The book contains Wiki hyperlink-esque digressions – from technical aspects of music such as a comparison of the differences in handling Horn in Hindu and Carnatic traditions; to the evolution of the body taxonomies and the differences in the sampoorna and asampoorna melakarta schematics; to the history of the concert format, the lives of different vaggeyakaras that is, those composers who also tune in to their compositions; and those of the author and received impressions about the style and content of various composers, musicians and compositions, with Desiraju’s comic disregard for Patnam Subramania Iyer occur occasionally.

The book is a breeze. It is an enjoyable read – for those familiar with the Madras-Carnatic scene as well as for the curious. However, if one tries hard enough, it is possible to be creatively dissatisfied with the work – leaving enough room for another one MS biography.

For a work that otherwise contains a generous helping of personal impressions of Desiraju – including how unflattering he thought the spectacles of MS were – it is disturbingly quiet about his impressions of what MS’s life and music meant to the politics of the republic at the time. and what it means now. Reflections on the devadasi system, it is abolition, and ‘human rights’ are repeated, but each time fleetingly. The politics of the Tamil Isai Movement, MS and T. Sadasivam’s support for it, and the conflict the movement had with the Academy of Music have been brought in – but only to build up as reasons for MS not singing on the Academy seasons in some 1940s.

First, the book comes out when art, culture and, sadly, religion have been at the center of India’s political discourse. More pertinently, when Lord Rama is no longer the inclusive statesman who… Thyagaraja celebrated, but one that has become a symbol of a combative majority regime. It is without a doubt a challenge to project MS’s life onto current political events.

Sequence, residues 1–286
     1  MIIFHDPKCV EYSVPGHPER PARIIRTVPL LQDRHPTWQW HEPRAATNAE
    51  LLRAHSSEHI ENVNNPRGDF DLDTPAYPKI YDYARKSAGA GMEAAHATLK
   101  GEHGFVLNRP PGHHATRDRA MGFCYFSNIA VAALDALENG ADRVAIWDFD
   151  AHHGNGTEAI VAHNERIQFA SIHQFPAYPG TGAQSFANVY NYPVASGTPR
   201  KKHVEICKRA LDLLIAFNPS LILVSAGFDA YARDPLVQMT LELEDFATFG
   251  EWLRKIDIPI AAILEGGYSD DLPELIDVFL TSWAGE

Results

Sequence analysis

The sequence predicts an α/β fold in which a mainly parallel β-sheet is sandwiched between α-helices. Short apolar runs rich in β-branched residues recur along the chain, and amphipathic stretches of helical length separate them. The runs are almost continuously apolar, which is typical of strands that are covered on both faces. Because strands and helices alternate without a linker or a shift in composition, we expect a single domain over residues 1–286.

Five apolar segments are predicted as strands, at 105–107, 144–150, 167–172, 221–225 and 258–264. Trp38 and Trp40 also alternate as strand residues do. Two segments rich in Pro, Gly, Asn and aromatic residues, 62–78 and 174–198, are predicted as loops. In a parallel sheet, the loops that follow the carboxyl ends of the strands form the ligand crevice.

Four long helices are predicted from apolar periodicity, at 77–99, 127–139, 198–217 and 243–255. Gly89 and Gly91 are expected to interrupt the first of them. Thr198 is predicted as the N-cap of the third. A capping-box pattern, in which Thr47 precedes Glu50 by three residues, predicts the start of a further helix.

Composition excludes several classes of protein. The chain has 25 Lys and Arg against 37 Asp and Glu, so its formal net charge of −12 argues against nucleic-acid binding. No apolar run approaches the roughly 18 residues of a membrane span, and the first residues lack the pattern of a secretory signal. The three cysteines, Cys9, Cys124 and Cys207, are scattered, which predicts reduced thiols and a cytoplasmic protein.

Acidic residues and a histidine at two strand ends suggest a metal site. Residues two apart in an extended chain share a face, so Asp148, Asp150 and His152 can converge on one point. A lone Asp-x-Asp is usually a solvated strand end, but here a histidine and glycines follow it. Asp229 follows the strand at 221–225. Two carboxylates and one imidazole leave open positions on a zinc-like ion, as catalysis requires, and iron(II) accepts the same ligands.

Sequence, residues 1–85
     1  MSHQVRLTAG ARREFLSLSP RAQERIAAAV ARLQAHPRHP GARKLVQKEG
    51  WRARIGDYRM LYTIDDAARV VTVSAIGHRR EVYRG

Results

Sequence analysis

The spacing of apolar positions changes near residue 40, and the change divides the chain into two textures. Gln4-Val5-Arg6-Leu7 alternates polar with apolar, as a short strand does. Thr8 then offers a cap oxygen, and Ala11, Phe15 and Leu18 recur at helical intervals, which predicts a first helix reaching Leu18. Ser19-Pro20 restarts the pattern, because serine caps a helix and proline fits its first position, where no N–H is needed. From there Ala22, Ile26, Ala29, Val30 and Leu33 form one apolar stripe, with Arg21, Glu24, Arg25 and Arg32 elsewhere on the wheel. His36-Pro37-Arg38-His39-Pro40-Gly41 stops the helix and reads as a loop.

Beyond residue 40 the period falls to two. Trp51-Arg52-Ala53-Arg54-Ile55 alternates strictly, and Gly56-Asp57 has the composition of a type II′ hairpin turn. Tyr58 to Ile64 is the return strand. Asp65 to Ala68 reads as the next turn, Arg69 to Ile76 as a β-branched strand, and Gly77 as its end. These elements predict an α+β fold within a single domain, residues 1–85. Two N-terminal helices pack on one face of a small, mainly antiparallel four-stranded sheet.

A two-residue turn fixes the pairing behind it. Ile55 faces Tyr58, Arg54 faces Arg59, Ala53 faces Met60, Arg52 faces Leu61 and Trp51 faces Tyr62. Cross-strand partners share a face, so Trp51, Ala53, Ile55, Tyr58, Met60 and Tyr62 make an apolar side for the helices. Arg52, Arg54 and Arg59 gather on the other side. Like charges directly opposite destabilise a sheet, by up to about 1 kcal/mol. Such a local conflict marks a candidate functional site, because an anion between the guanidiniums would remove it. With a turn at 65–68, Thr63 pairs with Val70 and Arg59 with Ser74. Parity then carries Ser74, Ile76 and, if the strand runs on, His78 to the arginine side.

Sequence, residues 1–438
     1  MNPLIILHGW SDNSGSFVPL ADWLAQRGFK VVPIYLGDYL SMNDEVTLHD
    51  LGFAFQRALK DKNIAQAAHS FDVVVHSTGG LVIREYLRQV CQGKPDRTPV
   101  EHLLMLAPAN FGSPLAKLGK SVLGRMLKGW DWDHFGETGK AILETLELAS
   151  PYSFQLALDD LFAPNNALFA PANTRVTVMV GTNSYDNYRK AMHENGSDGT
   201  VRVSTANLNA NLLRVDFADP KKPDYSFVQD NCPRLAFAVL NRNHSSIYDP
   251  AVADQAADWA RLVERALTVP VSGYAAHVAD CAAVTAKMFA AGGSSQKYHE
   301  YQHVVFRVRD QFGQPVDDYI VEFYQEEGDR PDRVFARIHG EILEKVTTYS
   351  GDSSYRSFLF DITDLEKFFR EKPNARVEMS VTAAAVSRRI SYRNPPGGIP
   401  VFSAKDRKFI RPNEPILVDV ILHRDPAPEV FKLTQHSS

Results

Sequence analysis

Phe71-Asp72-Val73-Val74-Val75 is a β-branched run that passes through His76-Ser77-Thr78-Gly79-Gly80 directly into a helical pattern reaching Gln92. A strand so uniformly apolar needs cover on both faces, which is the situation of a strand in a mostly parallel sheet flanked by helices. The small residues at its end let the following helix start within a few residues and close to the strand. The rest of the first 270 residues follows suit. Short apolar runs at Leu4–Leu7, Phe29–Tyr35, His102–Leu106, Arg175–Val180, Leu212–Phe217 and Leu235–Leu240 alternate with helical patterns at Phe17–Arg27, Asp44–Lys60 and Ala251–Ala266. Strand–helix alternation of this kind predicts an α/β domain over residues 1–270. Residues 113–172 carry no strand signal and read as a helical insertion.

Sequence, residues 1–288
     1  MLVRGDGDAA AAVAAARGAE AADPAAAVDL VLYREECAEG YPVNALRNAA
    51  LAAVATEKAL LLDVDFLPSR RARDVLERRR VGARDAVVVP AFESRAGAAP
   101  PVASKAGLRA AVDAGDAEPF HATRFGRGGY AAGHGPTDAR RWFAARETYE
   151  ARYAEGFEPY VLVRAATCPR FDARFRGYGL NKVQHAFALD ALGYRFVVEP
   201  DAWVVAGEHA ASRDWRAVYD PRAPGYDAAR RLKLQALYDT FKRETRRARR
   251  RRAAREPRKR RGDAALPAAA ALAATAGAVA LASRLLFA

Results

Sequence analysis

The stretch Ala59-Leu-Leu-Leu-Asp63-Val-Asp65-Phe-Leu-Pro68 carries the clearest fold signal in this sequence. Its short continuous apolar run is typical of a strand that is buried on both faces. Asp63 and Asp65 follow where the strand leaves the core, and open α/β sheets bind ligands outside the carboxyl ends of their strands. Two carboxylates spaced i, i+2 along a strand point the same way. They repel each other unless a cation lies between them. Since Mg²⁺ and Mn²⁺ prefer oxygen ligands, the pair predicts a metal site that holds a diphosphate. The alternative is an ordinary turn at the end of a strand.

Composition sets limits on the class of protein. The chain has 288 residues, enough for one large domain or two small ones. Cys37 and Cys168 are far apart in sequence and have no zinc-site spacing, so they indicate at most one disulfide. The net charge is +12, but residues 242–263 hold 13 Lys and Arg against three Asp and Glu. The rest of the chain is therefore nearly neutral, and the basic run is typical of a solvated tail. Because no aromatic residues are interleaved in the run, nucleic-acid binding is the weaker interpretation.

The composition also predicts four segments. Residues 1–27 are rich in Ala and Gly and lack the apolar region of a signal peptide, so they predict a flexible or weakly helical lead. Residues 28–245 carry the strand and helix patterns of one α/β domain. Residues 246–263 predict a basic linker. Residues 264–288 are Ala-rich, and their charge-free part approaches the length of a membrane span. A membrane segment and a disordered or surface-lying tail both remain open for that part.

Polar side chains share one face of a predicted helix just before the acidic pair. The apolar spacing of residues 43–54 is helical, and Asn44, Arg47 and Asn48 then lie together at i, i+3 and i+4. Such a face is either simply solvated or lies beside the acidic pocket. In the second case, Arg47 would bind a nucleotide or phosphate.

For an author who was a former civil servant and experienced the power play up close; and whose reflections on this aspect may have been valuable, this is a striking miss. There’s certainly plenty of clues in her public statements (admittedly, all heavily molded by Sadasivam). For example her Sangeetha Kalanidhi acknowledgment takes from two of Thyagaraja’s popular compositions’Kaddanu Variki’ (Todi) and ‘Sukhi Evvaro’ (Kaanada) to indicate that suswaram (good music) arises from the purity of the heart which sees no distinction between different gods and gods. Again, her declaration of acceptance of Bharat Ratna reflects once again on the need for Indian citizens to bury all their differences and shed hatred.

There is also a story I’ve heard about her that she clarified that the Rama she sings on’our Rama’ and not ‘their Rama’ just after singing her usual song’Rama nannu brova ‘ra during a chamber concert at the residence of Late Musiri Subramaniya Iyer at the height of the Ram Janmabhoomi movement.

Second, the somewhat succinct rejection by the work of modern feminist content in the life of MS is questionable. From running away from a devadasi household to follow her calling, to marry under the Special Marriage Act without the ritual of the kannikadhanam, to shattering one of the toughest glass ceilings of the time to become the first woman Sangeetha Kalanidhi, to accepting the award as the representative of the woman and on behalf of all women, there is still some room to enjoy creative reinterpretation, in short, of hagiographic revisionism. One can’t help but feel that the book is playing for Mylapore Tamil-Brahmin group think that: MS Amma had become their own and the few nonconformist aspects are aberrations that don’t deserve too much attention.